by Guest Contributor M. Dot, originally published on Model Minority
Yesterday the internet was abuzz with the fact that Prince might be homophobic.
Carmen from New Demographic commented on Twitter that this didn’t make sense. She wrote ,
“I’m still amazed that Prince is a homophobe. I mean, isn’t there a good chance he’s been gay-bashed in his life? (Even if he’s not gay).
I responded back saying that she presumed that possessing a “fringe Black masculinity” would make him more likely to be tolerant. I added that tolerance, like hate is taught. She responded saying she agreed, but it was still sad.
Even before I read the evidence of what Prince said, I suspected that if Prince was being intolerant, then perhaps may have something to do with his interpretation of the tenets of his faith practices.
This Prince moment also reminded me that our generation has a hard time accepting the fact that victims can be perpetrators.
The question of whether victims can be perpetrators has been on my mind for a while. A couple of weeks ago, I was having conversation with Krisna Best, of the Hip Hop and Democracy Project, which grew from my review of Byron Hurt’s film, Barack and Curtis.
Below I provide two quotes, which in my opinion get to the issue of our discussion of whether victims can be perpetrators.
Your example of the white woman reminds me a lot of the whole “black on black crime” thing. This is where I start to disagree with you. There’s a white supremacist tinge to the black-on-black-crime concept because it pathologizes, if you will, black behavior. Black folks commit crime not because of a pathology or because of false consciousness, but because of much larger structural circumstances and is related to my point about this generation breaking with the conditions of work. They see the old arrangement as providing no road out of the circumstances of our society, not because they believe in their inferiority or whatever the conclusions of this bogus psychoanalysis are.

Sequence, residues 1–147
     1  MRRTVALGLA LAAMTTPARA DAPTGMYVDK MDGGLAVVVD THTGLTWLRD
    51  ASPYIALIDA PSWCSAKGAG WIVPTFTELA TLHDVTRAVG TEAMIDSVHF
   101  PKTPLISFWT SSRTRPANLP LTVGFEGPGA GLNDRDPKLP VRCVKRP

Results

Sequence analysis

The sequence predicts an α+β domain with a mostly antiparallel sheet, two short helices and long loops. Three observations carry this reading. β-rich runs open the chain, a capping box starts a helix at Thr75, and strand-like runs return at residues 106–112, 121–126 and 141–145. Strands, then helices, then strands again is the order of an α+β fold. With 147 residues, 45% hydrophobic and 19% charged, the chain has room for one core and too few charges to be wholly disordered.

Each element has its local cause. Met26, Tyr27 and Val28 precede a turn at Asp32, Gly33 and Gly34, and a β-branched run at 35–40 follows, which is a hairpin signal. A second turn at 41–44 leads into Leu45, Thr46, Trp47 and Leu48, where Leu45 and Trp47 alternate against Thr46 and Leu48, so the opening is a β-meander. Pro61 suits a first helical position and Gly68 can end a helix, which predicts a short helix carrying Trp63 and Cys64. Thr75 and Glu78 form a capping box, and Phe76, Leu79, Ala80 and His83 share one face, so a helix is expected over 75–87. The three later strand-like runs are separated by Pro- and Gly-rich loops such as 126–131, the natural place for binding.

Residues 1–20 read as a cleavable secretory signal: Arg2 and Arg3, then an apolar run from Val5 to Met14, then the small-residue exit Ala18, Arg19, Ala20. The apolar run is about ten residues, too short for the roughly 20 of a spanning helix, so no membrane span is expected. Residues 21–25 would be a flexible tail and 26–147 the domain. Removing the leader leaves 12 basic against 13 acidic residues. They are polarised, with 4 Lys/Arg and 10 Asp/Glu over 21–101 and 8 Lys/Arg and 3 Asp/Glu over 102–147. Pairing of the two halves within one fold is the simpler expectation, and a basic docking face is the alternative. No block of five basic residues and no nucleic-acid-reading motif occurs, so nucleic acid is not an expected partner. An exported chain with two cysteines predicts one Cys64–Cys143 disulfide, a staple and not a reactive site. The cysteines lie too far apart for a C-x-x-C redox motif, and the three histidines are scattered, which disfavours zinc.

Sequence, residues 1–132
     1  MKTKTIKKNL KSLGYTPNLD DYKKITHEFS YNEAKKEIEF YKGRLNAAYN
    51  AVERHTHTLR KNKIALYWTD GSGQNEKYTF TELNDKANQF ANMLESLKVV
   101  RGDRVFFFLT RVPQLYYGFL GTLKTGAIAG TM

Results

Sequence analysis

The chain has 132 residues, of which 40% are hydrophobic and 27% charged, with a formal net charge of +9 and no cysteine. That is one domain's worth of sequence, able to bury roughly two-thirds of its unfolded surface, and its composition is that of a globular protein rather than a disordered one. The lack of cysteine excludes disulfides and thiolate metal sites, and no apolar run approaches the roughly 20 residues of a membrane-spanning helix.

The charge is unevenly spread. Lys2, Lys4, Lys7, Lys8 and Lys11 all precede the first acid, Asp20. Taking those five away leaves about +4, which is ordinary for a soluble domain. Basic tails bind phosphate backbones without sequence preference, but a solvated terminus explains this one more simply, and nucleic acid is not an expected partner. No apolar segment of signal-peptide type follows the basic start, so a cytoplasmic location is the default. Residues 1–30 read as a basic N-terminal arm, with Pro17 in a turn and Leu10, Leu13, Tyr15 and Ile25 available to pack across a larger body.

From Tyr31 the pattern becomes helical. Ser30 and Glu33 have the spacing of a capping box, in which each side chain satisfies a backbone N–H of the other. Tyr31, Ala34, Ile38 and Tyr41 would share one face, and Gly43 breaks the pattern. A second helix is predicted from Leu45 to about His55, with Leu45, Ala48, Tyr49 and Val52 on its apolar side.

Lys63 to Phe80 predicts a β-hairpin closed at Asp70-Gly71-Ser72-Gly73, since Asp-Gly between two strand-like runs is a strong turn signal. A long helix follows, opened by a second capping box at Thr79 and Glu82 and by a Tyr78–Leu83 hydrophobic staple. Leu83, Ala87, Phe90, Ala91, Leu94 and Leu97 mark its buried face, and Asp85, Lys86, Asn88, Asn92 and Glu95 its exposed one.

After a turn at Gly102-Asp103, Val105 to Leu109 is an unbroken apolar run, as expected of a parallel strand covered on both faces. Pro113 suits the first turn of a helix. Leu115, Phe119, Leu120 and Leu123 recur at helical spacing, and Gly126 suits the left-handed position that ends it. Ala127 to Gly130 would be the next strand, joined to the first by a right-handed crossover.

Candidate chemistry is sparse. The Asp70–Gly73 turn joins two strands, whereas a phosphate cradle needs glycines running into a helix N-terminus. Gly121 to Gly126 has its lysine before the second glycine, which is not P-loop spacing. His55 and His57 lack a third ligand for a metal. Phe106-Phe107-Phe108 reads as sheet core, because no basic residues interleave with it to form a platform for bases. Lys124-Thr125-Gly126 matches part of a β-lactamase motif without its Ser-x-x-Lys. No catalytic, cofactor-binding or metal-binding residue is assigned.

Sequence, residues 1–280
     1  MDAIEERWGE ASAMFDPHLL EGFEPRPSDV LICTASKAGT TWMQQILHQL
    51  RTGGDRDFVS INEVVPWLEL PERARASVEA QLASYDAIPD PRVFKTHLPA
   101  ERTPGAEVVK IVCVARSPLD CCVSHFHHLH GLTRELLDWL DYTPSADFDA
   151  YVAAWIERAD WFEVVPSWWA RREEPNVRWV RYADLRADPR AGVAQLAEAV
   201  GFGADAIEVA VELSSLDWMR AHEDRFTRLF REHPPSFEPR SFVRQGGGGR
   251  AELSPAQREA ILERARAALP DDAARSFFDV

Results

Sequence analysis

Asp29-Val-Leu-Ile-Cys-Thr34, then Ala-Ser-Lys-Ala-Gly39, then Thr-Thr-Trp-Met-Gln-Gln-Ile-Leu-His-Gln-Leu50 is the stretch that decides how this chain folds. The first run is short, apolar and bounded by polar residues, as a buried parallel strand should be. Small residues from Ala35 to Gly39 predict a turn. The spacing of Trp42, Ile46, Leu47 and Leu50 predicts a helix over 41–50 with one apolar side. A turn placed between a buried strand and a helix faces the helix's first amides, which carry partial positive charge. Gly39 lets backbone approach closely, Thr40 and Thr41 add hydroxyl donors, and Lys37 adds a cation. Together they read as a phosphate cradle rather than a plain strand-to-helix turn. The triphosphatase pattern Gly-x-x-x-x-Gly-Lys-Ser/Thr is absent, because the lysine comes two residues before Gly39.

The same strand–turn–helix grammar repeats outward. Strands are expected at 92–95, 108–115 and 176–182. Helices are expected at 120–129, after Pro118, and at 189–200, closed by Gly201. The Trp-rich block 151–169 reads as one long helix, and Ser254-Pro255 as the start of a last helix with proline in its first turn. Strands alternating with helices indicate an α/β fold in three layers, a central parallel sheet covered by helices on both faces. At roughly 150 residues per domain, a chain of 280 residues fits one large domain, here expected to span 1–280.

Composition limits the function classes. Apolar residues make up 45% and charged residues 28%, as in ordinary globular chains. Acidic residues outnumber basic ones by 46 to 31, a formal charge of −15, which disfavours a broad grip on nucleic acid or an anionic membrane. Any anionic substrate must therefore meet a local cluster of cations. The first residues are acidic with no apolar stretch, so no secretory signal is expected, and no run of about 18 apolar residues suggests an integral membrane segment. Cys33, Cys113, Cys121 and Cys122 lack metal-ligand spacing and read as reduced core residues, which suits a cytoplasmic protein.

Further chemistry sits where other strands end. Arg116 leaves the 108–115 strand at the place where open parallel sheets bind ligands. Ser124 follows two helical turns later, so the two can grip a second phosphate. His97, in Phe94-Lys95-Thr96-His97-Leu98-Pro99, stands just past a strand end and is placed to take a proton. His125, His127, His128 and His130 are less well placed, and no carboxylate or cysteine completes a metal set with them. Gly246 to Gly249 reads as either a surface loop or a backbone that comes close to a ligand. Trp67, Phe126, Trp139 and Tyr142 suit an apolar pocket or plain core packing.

Aren’t you pathologizing them into permanent victimhood?
They have agency. They can choose. We all choose to sell crack, blog, have children, vote, join the army. I am completely aware of the fact that our choices take place within the range of options available to us, and that often times our parents class status dictates exactly which options we just may have.
Let me ask you this? Do you think that D-boys/Pimps have agency?
While he didn’t respond at the time to my question, he has done so since I posted this.
The notion of victims being perpetrators weighs heavy on my mind, as I have been reading a lot about the Black Power Movement, Gender and Sexism for the past few weeks. You may be surprised, but, there were folks who felt that Black men weren’t capable of being sexist because they were victims of racism. Somehow, they some folks to believe that being a victim, they couldn’t be a perpetrator.
Now this of course makes no sense.
For example, Black folks who have been victims of racism can be prejudicial towards other Black folks regarding skin color. Paper bag party anyone?
That’s the horror of racism. It corrupts. It poisons.
Once we decide to refuse to look at people solely as victims who have nothing to contribute, and to see people as subjects who have agency and a will to change, the path will be laid for us to have personal transformation on an individual and societal scale.
About This BlogRacialicious is a blog about the intersection of race and pop culture. Check out our daily updates on the latest celebrity gaffes, our no-holds-barred critique of questionable media representations, and of course, the inevitable
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